Five initiatives to prevent tension in the East Sea

VietNamNet Bridge – The peace in the East Sea depends on the goodwill and political responsibility of related parties. The principle that is appropriate to apply in the current situation is “simple matters are solved firstly, followed by complicated ones.”



Vietnamese naval soldiers on Truong Sa Archipelago.

Dr. Tran Cong Truc, former chief of the Government Border Committee, pointed out five initiatives to deal with disputes in the East Sea, in his book entitled “Vietnam’s Hallmarks in the East Sea.”

Disputes in the East Sea are extremely complicated and are latent hazard which can cause tension, conflict and instability in the region and the world.

To basically solve the disputes, many scholars and politicians have raised valuable initiatives. Below are remarkable initiatives:

Firstly, having a common consent on the way of explanation and application of standards to define the waters and continental shelf being of sovereignty, sovereignty rights and jurisdiction of coastal countries around the East Sea.

Secondly, being unanimous in the waters and overlapped continental shelf which are formed based on coastal countries’ claims under the United Nations Convention on the Law of the Sea 1982.

Thirdly, being unanimous in the waters and continental shelf of Hoang Sa (Paracel) and Truong Sa (Spratly) Islands, as off-shore archipelagos, not archipelagic states because islands there are very small, which are unsuitable for human life and do not have economic life.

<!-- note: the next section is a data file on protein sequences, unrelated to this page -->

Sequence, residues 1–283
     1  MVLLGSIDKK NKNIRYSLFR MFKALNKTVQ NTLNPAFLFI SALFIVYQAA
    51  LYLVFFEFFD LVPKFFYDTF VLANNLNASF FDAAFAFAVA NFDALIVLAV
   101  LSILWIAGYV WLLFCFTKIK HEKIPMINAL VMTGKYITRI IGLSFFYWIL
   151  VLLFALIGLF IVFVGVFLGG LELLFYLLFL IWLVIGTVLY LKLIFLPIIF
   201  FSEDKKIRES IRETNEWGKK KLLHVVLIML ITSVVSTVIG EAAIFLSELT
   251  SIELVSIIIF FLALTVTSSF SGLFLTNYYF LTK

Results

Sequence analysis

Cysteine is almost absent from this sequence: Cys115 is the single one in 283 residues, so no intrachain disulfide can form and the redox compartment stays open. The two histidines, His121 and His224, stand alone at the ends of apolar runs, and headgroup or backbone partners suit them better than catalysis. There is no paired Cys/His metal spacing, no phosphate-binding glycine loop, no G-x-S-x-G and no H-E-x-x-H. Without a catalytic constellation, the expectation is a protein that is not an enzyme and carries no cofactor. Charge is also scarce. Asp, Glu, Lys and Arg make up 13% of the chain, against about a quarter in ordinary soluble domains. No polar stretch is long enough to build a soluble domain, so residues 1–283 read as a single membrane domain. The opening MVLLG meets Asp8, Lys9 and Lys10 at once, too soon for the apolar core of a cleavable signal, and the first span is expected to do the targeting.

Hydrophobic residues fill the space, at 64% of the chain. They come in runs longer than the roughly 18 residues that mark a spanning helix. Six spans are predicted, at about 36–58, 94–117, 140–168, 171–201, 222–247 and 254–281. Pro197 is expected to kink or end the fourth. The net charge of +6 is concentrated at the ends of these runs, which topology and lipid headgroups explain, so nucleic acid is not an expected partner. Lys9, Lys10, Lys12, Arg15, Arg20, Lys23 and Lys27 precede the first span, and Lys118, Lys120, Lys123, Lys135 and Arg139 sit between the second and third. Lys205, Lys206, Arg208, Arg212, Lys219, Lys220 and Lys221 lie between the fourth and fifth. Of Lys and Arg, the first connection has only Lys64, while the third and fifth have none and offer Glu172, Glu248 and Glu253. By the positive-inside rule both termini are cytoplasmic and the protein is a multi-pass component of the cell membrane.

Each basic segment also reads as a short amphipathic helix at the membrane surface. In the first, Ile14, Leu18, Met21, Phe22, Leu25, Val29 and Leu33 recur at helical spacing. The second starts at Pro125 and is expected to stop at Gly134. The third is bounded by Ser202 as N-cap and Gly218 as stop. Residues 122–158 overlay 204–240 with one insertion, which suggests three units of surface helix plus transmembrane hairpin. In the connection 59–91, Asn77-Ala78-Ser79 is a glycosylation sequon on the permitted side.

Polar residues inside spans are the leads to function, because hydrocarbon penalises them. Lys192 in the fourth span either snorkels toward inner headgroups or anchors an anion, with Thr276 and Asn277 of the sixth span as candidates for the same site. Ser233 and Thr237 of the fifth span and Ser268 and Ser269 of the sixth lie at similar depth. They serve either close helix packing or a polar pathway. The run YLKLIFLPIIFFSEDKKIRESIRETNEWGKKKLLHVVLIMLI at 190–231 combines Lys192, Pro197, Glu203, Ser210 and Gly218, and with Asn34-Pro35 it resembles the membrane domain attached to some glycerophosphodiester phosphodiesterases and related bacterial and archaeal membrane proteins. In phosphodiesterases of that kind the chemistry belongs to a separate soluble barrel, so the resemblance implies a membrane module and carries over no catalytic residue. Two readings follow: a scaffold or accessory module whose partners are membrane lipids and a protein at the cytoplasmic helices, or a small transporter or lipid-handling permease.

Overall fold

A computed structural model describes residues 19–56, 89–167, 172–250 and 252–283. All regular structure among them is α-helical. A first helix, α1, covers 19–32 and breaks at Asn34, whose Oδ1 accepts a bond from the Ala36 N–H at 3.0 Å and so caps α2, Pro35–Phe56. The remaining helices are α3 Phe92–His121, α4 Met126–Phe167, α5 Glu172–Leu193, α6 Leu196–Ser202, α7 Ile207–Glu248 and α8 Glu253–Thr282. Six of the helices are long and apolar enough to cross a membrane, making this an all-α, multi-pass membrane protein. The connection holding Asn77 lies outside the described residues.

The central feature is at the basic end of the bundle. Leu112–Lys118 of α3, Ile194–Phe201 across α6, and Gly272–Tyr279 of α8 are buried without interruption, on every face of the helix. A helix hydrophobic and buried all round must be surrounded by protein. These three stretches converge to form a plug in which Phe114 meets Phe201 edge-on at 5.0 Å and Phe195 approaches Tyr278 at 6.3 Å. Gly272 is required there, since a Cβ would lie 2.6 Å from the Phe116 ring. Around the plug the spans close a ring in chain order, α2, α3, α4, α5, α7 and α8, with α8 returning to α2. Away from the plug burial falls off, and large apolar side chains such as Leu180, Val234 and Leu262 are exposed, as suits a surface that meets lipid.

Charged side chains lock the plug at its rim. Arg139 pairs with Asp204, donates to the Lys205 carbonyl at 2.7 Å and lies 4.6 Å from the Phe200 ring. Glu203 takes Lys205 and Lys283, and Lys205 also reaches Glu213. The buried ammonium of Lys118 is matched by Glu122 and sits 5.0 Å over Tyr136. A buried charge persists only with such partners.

Fourthly, having common consent on legal principles and international practice applied for defining the rights to acquire territory over Hoang Sa and Truong Sa in order to settle territorial sovereignty disputes over the two archipelagoes.

Fifthly, any claim that is inappropriate to approved standards must be considered as worthless.

The appropriate guideline for the current situation is firstly dealing with simple matters and then complicated ones.

Therefore, we should temporarily put aside territorial sovereignty disputes over Hoang Sa and Truong Sa; temporarily maintain the status quo of related parties on the two archipelagos; Each inhabited island is allowed to have territorial waters of 12 nautical miles; shoals with artificial works will have a safety area of 500m around.

Related sides have to reach agreement on the marine boundary and continental shelf under the UNCLOS to define the overlapped areas, from that clarifying marine and continental shelf frontier.

When parties do not reach consent to the final boundary, they can apply a temporary solution - joint development – in overlapped areas.

The East Sea’s peace is the common concern of all countries in the region and the world in general. It depends on the goodwill and political responsibility of related countries, both inside and outside the region.

Tran Cong Truc

 
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